Shortly 18,000 spectators filled Ewing Field, Lone Mountain was thick with freeloaders, and two men circled above the spectacle in a tiny airplane. The day was especially windy all over San Francisco, but the big news, of course, was the wind at Ewing Field. On the ground a large floral sculpture in the shape of a good luck horseshoe was blown over by the wind. In the sky the small plane piloted by pioneer aviator Robert Fowler with his passenger, photographer Carl Wallen, “bobbed, bumped and bounded . . . sometimes diving in a way that dragged a gasp out of the crowd, and then it was flung skyward in a mad swirl as a dead leaf is tossed by a breeze.”
After being pushed as far as a mile from their objective and hurled and dropped hundreds of feet by the turbulence, Fowler managed to steady his delicate craft over the field long enough to drop a shower of roses and carnations on the celebration and allow Wallen to take aerial pictures of the largest ball park west of Chicago. Their missions accomplished, Fowler and Wallen made haste for the ground and shelter, leaving behind some 20,000 ground-bound, wind-buffeted spectators.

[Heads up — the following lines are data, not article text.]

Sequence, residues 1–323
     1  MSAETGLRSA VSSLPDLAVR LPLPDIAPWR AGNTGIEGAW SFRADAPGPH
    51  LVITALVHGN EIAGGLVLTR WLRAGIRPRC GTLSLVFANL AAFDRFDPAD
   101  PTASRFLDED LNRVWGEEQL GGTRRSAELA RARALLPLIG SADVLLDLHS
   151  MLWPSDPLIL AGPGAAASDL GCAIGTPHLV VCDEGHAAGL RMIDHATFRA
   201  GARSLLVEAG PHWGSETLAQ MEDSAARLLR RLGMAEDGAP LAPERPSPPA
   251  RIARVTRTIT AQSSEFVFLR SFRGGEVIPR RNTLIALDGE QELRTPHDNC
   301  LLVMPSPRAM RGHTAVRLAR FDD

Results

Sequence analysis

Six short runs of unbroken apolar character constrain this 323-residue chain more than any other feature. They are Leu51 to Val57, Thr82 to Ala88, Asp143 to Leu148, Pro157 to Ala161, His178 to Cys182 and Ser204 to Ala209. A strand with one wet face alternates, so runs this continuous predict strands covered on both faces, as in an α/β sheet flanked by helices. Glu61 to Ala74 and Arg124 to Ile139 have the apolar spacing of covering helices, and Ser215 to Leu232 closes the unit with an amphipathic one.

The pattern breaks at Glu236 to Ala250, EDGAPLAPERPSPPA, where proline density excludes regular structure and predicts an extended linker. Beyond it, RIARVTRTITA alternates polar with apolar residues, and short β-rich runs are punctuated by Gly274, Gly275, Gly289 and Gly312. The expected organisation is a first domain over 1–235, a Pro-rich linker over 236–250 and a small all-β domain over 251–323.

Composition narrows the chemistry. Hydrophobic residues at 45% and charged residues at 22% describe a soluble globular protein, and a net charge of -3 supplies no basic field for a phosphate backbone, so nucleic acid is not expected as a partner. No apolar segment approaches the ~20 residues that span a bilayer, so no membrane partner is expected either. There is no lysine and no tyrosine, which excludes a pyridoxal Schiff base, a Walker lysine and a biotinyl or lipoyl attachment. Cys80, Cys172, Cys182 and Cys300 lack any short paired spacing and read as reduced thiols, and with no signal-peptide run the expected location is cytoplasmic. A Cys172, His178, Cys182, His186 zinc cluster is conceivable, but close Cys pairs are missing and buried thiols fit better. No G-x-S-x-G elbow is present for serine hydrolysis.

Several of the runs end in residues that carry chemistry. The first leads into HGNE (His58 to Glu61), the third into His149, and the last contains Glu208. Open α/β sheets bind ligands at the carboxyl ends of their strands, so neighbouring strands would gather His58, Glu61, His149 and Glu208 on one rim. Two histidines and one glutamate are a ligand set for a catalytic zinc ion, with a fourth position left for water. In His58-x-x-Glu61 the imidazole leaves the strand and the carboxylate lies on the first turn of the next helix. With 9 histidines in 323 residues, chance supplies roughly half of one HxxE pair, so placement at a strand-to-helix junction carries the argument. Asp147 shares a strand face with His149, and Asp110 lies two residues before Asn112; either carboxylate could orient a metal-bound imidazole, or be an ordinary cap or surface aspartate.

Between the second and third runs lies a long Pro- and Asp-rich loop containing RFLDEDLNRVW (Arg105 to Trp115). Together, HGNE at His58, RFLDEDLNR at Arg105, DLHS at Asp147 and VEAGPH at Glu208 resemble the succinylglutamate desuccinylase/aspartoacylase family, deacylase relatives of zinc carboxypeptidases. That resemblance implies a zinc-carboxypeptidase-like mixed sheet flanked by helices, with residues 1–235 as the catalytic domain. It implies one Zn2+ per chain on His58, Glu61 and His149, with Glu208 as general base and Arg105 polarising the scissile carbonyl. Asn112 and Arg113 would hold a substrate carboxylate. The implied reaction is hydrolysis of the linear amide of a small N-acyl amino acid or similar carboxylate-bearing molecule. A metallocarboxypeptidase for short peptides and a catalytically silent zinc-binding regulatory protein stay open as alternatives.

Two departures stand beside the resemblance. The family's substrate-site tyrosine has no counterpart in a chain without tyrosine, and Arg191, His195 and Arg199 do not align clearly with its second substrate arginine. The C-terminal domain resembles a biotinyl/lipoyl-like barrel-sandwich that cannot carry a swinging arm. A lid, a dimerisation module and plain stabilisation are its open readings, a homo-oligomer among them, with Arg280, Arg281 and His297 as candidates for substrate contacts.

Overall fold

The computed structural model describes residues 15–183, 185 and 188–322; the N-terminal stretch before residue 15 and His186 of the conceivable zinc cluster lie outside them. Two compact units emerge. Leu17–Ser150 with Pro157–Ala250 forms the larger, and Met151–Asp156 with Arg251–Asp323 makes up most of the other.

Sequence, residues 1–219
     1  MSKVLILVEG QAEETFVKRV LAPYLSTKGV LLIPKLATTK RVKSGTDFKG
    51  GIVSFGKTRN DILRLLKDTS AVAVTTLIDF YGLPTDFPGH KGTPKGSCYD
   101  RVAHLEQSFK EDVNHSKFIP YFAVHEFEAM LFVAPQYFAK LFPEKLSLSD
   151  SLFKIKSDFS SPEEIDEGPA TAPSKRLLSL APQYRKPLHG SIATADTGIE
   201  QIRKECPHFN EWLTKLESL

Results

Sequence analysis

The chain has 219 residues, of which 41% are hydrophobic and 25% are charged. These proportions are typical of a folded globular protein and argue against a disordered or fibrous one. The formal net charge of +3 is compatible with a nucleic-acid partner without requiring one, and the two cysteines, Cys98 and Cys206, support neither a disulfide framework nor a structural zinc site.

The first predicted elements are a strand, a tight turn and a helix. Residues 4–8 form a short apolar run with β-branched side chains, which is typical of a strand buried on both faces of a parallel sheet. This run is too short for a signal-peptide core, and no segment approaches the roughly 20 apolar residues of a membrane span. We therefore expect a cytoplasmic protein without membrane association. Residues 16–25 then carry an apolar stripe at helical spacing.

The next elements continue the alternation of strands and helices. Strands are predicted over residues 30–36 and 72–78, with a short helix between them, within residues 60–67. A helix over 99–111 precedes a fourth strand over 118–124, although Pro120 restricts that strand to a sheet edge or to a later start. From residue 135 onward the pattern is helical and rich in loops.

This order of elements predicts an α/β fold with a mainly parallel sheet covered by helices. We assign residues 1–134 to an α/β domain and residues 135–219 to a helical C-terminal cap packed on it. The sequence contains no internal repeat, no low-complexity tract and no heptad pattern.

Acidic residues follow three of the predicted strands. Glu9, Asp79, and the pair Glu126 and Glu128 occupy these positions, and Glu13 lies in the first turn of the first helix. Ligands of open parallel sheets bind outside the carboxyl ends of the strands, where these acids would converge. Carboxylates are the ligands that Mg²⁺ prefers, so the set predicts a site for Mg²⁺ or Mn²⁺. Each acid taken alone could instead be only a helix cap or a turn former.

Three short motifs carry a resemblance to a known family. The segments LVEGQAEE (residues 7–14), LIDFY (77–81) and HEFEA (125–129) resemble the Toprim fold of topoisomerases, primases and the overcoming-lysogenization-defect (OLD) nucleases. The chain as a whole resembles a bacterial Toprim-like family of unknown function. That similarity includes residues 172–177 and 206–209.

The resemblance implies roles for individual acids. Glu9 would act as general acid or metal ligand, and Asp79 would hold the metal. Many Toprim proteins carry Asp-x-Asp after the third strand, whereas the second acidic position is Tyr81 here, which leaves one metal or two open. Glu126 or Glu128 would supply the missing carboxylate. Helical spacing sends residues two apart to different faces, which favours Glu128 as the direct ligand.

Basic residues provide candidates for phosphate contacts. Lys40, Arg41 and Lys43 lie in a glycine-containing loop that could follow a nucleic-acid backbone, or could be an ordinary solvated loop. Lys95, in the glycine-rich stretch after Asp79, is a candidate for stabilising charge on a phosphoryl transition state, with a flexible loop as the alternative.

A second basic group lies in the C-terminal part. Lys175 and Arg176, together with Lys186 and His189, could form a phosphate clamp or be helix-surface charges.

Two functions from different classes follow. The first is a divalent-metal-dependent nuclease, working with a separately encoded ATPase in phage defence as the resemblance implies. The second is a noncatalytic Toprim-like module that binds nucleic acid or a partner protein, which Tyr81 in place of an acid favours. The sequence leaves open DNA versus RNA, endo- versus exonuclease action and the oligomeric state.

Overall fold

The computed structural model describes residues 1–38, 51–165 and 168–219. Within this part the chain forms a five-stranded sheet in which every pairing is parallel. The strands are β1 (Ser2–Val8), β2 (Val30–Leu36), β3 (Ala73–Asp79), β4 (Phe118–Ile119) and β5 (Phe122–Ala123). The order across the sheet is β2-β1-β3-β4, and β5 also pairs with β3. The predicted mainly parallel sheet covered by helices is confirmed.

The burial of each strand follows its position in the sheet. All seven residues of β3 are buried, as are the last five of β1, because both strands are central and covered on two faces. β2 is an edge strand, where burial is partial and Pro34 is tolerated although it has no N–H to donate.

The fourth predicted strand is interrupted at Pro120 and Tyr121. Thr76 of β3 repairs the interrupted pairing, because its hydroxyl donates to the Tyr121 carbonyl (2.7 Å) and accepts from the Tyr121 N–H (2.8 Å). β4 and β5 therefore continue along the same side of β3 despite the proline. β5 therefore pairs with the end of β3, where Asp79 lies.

Once the sun passed behind Lone Mountain, the temperature (a high of 61 degrees at Mission Dolores) dropped faster than Fowler’s plane in an “air hole,” a cold wind whistled around Lone Mountain and shot down on the field and spectators, inspiring someone to suggest that “Icicle Field” might be a more appropriate name.
After the Oaks won 3-0, the bleacherites engaged in massive seat-cushion fights. Those who were arrested were fined $20.00 for disturbing the peace and threatened with jail for a second offense.
After the game 18,000 chilled fans were confronted with a long wait for streetcars, a never-ending source of frustration and complaint as much as the weather.